Tagged Formula milk

Why Breast v Formula Should Not Be a Debate

baby-105063_1280 We all know the breastfeeding versus formula feeding debate. We’ve all heard the passionate, and often outright hostile, arguments on each side. Many of us probably have an opinion one way or the other. Well, this post is not going to be about mine. No, I am not here to wade into the debate, I am here to ask whether it should be a debate at all.

I think not. You see, in this country (and the rest of the developed world), both breast and formula feeding are valid options. This feeding dilemma is not, in fact, a dilemma. It is a choice. An extremely fortunate choice between two options that are both ultimately safe and acceptable.

Yes, breastfeeding is obviously what nature intended. No, it being a natural process does not mean that all mothers and babies can do it. That is not how nature works. In nature, in all species, there are young who are unable to feed effectively. They die. It is natural selection. We as a species have developed to the point where we deem it unacceptable for some of our young to simply be allowed to starve. As with so many aspects of life, we have interfered in nature and developed alternatives. That’s great. But some of us seem to have forgotten along the way that, of course, not every mother and baby is able to breastfeed just because it is nature. We should appreciate the amazing alternatives that have been developed, rather than insist that all mothers must be able to breastfeed if they really tried.

About these alternatives. So they aren’t natural. A lot of things in modern life aren’t. They have been carefully formulated, used for generations. They are safe. They work. Formula fed babies grow up just fine. Yes, there are certain benefits to breast milk that formula milk cannot replicate but, in the developed world, the difference won’t be life or death, the impact is not significant.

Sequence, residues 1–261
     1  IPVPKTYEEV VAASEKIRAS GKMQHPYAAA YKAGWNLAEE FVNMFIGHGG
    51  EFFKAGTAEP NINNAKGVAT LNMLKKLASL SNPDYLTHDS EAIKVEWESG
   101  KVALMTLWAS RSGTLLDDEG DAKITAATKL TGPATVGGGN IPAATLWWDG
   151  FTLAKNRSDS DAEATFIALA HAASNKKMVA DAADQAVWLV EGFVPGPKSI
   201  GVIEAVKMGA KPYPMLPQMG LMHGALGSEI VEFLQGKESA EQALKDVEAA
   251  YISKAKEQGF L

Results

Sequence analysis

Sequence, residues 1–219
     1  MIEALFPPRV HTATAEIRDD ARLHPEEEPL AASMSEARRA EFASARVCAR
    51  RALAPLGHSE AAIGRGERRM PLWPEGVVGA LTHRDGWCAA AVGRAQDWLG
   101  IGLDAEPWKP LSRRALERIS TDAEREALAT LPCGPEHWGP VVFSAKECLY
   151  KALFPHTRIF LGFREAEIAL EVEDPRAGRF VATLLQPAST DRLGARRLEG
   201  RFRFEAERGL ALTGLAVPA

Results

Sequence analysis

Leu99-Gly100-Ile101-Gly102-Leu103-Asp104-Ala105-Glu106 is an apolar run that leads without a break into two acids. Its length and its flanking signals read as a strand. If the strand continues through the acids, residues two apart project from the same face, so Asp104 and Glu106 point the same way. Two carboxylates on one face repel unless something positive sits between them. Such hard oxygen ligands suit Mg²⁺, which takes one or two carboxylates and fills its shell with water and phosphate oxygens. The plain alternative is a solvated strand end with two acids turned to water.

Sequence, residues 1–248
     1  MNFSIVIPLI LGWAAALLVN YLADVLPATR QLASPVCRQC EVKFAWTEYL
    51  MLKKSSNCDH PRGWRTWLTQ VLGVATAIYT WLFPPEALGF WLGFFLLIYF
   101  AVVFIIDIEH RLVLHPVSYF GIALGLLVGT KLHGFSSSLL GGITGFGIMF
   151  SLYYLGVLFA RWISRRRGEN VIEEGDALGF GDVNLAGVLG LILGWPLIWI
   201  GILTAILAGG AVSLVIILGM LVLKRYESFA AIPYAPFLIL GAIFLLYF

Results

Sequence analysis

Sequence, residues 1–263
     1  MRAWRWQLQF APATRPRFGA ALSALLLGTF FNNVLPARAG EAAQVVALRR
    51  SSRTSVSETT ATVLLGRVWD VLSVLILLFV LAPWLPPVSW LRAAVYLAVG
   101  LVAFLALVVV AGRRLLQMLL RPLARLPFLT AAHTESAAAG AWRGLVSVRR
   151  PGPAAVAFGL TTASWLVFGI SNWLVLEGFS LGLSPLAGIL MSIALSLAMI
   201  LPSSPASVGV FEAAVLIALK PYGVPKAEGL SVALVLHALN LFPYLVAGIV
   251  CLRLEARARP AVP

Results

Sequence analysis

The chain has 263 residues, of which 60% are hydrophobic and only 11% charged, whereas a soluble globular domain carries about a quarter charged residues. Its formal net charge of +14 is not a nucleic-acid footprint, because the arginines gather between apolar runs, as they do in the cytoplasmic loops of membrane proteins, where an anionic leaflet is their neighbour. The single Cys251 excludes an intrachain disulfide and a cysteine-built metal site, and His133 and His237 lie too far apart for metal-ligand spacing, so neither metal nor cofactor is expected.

Breast milk is cheaper, it’s quicker, it’s ready prepared. Of course, it puts every feed onto the mother. That is not always very convenient or practical in a modern world. Mothers do not sit in a cave and suckle young these days. They are expected to do things, see people, go out, often work. 2-3 hourly feeds, requiring the partial exposing of body parts, can be a strain. Formula, meanwhile, is more difficult to prepare, costs money, doesn’t benefit the immune system. On the other hand, feeding can be shared with other people, and no one feels awkward about doing it in public. It’s swings and roundabouts. There are positives and negatives to both options.

The key is that we have this choice. We have a choice and it really doesn’t matter which option we choose. Not in the grand scheme of things. Whichever way you decide to feed your baby, there will have been pluses and minuses, and your baby will have received nutrition, will have grown and thrived.

This is not a dilemma. There is nothing to debate. A dilemma is when you are HIV positive (communicable through breast milk), and have no option but to breastfeed your baby or allow it to starve. A dilemma is when formula milk has been aggressively pushed as an alternative by the formula companies, but there is no clean water to make it with, no sterilisation facilities, and you cannot afford enough formula to properly feed your baby. A dilemma is when you are too weak yourself to effectively breastfeed an infant, but have no other safe options available.

The choice we have in Britain is between two non-harmful, acceptable alternatives. Yet, we manage to fight about this choice. For some women in the world, their choices are between which potential cause of death they want for their baby. AIDS? Deadly water borne infections? Starvation? That is a ‘choice’ people should be fighting about.

Arguing over breast or formula, judging and criticising others for making a different – but still perfectly safe – choice for their child, is surely a monumental waste of time and energy. Preaching to another British mother for feeding in a different way from you is pointless. Nothing is achieved. She won’t appreciate your interference. Wouldn’t that energy and passion for the cause be better spent campaigning for those mothers in the world who desperately need help to be able to give adequate and safe milk to their babies? They would appreciate your interference.

Put the effort into a real crisis, a debate worth having. Make a difference. Because irritating Cheryl next door over breast being best isn’t making a difference to anything, except maybe Cheryl’s Christmas card list.